"required": false,
                            "allowMultiple": false,
                            "dataType": "String"
                        },
                        {
                            "name": "Content-Type",
                            "description": "OAuth2 Authorization Header",
                            "paramType": "header",
                            "required": false,
                            "allowMultiple": false,
                            "dataType": "String"
                        }


Then the complete POST HTTP method definition would look like below.


Figure-5: Edited Swagger API definition

After doing the above changes Save & Close.

Now if you go to API Store and click on the created API, and the go to API Console, you should see the SOAPAction and Content-Type fields are added to the Swagger UI.


Figure-6: API Console with new header parameters

3. Add New Headers to CORS Configuration


Although we have added required headers, those will be sent in the request oly if they are set as allowed headers in the CORS configuration.

For that open APIM_HOME/repository/conf/api-manager.xml file and locate CORSConfiguration. Then add SOAPAction in to available list of Access-Control-Allow-Headers as below (Content-Type is added by default, So we have to only add SOAPAction). 


Figure-7: API Console with new header parameters

After adding the headers, restart the api manager and invoke the API through API Console. 
When invoking the API, set the SOAPAction according to your SOAP service. Also set the COntent-Type header as 'text/xml'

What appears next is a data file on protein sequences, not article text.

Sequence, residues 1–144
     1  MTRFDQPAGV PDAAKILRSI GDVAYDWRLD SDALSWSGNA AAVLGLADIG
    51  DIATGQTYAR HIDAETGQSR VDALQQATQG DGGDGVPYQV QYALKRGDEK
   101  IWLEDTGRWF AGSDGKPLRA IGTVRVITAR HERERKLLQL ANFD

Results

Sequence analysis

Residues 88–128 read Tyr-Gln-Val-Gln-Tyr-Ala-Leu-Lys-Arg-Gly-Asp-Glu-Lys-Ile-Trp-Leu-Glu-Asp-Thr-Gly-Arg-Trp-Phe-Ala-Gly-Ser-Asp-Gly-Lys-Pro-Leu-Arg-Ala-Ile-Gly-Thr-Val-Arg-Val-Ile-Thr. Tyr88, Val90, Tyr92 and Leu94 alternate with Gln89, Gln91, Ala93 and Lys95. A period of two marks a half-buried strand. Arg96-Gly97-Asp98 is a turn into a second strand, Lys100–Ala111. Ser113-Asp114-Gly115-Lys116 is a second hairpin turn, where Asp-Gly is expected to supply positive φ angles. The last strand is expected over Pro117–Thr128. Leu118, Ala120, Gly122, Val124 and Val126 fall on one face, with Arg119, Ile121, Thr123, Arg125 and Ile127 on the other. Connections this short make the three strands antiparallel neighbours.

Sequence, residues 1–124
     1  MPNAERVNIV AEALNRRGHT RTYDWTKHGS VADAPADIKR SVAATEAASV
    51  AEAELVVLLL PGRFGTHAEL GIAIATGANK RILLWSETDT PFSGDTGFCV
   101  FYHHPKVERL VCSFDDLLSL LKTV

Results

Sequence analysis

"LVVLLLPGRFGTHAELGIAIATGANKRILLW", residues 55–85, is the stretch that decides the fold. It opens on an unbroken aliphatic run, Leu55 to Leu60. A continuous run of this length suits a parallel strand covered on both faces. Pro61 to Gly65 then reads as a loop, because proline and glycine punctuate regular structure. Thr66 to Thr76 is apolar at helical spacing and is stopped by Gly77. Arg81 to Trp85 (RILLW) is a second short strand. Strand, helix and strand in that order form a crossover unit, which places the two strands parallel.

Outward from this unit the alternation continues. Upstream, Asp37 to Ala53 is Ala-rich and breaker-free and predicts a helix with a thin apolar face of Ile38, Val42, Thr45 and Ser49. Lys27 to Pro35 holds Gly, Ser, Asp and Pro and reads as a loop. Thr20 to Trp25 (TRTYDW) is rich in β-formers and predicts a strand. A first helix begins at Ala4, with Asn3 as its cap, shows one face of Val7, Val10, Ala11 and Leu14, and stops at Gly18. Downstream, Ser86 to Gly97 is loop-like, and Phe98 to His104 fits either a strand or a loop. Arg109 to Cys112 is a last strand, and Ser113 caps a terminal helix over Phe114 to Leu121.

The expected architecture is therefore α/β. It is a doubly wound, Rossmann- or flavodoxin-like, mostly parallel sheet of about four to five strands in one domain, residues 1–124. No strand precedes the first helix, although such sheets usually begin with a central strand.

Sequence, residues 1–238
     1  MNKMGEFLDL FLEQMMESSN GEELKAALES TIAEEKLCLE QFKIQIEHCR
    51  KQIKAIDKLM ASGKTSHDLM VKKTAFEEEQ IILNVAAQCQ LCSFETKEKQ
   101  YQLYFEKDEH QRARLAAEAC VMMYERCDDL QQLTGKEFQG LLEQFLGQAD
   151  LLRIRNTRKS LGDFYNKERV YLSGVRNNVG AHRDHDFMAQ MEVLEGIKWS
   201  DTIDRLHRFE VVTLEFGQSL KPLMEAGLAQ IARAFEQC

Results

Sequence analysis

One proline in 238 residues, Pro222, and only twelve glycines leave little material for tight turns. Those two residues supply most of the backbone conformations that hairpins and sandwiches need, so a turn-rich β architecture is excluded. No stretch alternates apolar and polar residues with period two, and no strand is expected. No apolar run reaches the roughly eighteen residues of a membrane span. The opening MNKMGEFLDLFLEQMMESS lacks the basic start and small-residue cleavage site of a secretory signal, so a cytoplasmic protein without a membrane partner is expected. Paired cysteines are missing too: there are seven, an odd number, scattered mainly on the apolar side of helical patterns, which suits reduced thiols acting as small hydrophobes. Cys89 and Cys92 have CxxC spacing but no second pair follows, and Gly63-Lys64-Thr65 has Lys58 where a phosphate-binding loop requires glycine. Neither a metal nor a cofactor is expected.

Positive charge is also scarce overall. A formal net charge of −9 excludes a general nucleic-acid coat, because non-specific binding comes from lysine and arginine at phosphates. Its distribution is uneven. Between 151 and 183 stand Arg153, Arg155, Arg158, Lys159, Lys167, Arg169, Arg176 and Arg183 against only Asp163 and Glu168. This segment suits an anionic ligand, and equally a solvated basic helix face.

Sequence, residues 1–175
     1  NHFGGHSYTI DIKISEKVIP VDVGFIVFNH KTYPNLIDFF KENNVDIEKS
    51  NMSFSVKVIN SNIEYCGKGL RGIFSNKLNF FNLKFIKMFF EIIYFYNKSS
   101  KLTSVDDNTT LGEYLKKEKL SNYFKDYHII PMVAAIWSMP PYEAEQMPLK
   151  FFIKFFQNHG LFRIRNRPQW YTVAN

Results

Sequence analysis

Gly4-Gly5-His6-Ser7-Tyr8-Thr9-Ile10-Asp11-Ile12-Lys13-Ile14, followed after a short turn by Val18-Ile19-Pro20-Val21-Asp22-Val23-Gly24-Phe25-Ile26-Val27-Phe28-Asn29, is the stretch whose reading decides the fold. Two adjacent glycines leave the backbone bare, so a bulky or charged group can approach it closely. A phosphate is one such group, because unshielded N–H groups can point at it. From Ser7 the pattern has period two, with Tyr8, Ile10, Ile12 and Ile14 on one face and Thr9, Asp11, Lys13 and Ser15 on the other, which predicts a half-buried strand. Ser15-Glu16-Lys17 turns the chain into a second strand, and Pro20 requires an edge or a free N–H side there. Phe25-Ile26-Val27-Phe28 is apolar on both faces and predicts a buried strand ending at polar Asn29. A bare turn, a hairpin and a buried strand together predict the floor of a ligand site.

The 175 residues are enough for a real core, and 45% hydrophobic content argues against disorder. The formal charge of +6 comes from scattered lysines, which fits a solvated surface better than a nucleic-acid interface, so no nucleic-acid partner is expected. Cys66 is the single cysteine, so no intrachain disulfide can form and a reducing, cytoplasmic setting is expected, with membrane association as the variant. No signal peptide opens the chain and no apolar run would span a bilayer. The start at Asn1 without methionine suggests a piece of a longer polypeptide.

Figure-8: API Console Invoke API


If you face any issues with swagger invoke, please go through this.

Lali DevamanthriProductivity in SOA Development team

I have frequently noticed that SOA development team is always critical path in all projects. Is there a problem of capacity, skills, life cycle, design or maturity? If you have your development team on the critical path for everything, that’s a PROCESS choice and a POLICY choice. If you don’t think that choice is working for you, you need to examine alternatives.  SOA, if implemented in a couple different ways, actually eliminates the need for bottle-necked development. SOA will not give you any answer about people management. Get inspiration from Agile methodology (Alister Cockburn for instance) in order to drive the output value from a team.

If you are team lead who experiencing the same kind of atmosphere … 

#1 SOA strategy

In our post-cold-war world, the only who decides is still MONEY. Technology not yet.
– SOA is not an intellectual thing.
– SOA MUST make your enterprise more competitive on the market.
– SOA must maximize the ROI of your enterprise.
– At your level, SOA must help for productivity (after some impediments removal)

Reusing services means factoring team skills and factoring costs spend on research/education related to some technology within the organization.